A:  The best prevention is elimination of laundry packets from the home. Since there are so many cleaning detergent alternatives available, why even introduce laundry packets into the home at all if you have small children?  If these packets are in the home, make sure to keep them high up in overhead cabinets in the laundry room out of reach of children. Certainly avoid storing these packets in the kitchen or pantry area, as they can easily be mistaken for food or candy. Lastly, periodically check your house to make sure that dangerous medications and chemicals are safely out of reach of toddlers and children. Childproofing the home should occur as regularly as cleaning your home.

Want more health tips like these sent straight to your inbox?

Sign up for our KidsHealth e-newsletter.

Related posts:

  • Carbon Monoxide in the Home: What Parents Should Know
    Parents understand the importance of having working smoke detectors in the home to protect their family in case of fire, but sometime carbon monoxide detectors fly under the radar, says ...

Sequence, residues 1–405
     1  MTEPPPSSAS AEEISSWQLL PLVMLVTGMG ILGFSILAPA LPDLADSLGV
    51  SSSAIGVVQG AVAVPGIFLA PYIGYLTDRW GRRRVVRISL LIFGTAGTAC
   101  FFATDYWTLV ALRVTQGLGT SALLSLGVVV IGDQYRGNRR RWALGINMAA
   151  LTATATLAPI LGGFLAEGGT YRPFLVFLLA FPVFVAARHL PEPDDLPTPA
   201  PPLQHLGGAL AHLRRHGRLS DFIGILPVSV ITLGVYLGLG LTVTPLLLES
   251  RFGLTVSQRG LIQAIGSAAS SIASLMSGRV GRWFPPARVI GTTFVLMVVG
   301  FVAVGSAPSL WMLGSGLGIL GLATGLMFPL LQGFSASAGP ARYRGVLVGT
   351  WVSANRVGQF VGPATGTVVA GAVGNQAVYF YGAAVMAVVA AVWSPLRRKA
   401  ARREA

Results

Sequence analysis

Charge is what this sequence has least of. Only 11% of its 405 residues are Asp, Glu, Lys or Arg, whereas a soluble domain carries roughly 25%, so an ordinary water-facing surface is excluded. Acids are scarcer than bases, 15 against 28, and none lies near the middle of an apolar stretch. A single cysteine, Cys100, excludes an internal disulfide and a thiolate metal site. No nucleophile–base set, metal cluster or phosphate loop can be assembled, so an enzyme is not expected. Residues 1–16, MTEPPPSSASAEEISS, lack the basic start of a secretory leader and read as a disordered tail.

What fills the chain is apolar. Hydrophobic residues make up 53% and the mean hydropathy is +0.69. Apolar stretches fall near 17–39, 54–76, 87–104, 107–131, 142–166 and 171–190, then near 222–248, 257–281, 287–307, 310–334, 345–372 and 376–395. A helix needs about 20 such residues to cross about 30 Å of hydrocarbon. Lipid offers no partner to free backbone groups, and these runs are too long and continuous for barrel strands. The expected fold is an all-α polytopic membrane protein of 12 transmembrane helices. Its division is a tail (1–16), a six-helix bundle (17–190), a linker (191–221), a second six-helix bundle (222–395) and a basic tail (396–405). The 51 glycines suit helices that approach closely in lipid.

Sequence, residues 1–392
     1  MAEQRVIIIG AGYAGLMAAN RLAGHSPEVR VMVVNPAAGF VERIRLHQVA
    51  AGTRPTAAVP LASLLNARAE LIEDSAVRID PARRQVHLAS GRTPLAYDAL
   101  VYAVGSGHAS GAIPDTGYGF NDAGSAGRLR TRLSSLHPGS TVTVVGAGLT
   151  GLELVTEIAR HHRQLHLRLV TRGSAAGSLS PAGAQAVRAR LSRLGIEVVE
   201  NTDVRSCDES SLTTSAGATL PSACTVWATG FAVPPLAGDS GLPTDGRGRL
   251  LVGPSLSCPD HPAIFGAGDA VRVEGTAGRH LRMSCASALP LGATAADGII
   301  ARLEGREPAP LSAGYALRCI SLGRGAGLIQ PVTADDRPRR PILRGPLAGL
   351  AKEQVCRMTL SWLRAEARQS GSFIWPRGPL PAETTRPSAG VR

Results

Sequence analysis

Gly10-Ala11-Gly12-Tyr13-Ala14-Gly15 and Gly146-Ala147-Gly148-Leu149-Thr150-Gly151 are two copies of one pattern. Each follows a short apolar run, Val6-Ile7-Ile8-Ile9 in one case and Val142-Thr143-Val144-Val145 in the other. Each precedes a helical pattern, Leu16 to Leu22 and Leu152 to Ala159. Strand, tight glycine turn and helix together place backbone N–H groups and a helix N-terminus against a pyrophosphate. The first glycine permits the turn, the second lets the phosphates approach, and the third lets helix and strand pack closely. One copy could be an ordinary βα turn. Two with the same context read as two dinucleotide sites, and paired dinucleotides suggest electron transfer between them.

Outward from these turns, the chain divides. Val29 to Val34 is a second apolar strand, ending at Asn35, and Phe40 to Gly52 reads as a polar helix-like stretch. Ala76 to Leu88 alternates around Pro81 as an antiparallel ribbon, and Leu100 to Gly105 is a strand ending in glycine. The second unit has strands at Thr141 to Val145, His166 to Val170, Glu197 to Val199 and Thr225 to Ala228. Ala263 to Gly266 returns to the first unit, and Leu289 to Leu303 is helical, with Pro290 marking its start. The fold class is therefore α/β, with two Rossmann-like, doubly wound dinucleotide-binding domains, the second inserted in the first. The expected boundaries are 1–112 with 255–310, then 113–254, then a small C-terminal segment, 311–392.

• Home Safety Tips for the Whole Family
    Kids have more freedom as they get older, which teaches them independence and nurtures their curiosity, but they can often overestimate what they’re capable of doing. Most injuries for kids ...
  • Keeping Infants and Toddlers Safe in the Home
    Children under the age of 5 are at the greatest risk for getting injured at home, says CHOC Children’s community educator Amy Frias.  Of course, the biggest reason is that’s ...

Carbon Monoxide in the Home: What Parents Should Know

Parents understand the importance of having working smoke detectors in the home to protect their family in case of fire, but sometime carbon monoxide detectors fly under the radar, says Amy Frias, a community educator at CHOC Children’s and coordinator of Safe Kids Orange County.